Paid advertising is available on our classifieds site and through the purchase of banner ads. The tightly monitored Giveaways forum permits free listings of genuinely free horses and items available or wanted (on a limited basis). Items offered for trade are not allowed.

Advertising Policy Specifics
When in doubt of whether something you want to post constitutes advertising, please contact a moderator privately in advance for further clarification. Refer to the following points for general guidelines:

Horses – Only general discussion about the buying, leasing, selling and pricing of horses is permitted. If the post contains, or links to, the type of specific information typically found in a sales or wanted ad, and it’s related to a horse for sale, regardless of who’s selling it, it doesn’t belong in the discussion forums.

Stallions – Board members may ask for suggestions on breeding stallion recommendations. Stallion owners may reply to such queries by suggesting their own stallions, only if their horse fits the specific criteria of the original poster. Excessive promotion of a stallion by its owner or related parties is not permitted and will be addressed at the discretion of the moderators.

Services – Members may use the forums to ask for general recommendations of trainers, barns, shippers, farriers, etc., and other members may answer those requests by suggesting themselves or their company, if their services fulfill the specific criteria of the original post. Members may not solicit other members for business if it is not in response to a direct, genuine query.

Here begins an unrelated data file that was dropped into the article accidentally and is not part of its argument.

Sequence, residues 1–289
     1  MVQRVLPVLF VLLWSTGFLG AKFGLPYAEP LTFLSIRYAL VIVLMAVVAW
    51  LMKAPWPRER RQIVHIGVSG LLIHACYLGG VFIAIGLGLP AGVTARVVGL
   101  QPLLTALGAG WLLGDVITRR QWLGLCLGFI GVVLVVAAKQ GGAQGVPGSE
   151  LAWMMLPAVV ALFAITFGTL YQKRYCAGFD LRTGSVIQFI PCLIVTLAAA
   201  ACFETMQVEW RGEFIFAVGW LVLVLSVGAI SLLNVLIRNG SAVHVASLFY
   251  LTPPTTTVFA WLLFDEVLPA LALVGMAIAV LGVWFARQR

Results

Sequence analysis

Products – While members may ask for general opinions and suggestions on equipment, trailers, trucks, etc., they may not list the specific attributes for which they are in the market, as such posts serve as wanted ads.

Event Announcements – Members may post one notification of an upcoming event that may be of interest to fellow members, if the original poster does not benefit financially from the event. Such threads may not be “bumped” excessively. Premium members may post their own notices in the Event Announcements forum.

Charities/Rescues – Announcements for charitable or fundraising events can only be made for 501(c)(3) tax-exempt organizations. Special exceptions may be made, at the moderators’ discretion and direction, for board-related events or fundraising activities in extraordinary circumstances.

Occasional posts regarding horses available for adoption through IRS-registered horse rescue or placement programs are permitted in the appropriate forums, but these threads may be limited at the discretion of the moderators. Individuals may not advertise or make announcements for horses in need of rescue, placement or adoption unless the horse is available through a recognized rescue or placement agency or government-run entity or the thread fits the criteria for and is located in the Giveaways forum.

5. Do not post copyrighted photographs unless you have purchased that photo and have permission to do so.

6. Respect other members.
As members are often passionate about their beliefs and intentions can easily be misinterpreted in this type of environment, try to explore or resolve the inevitable disagreements that arise in the course of threads calmly and rationally.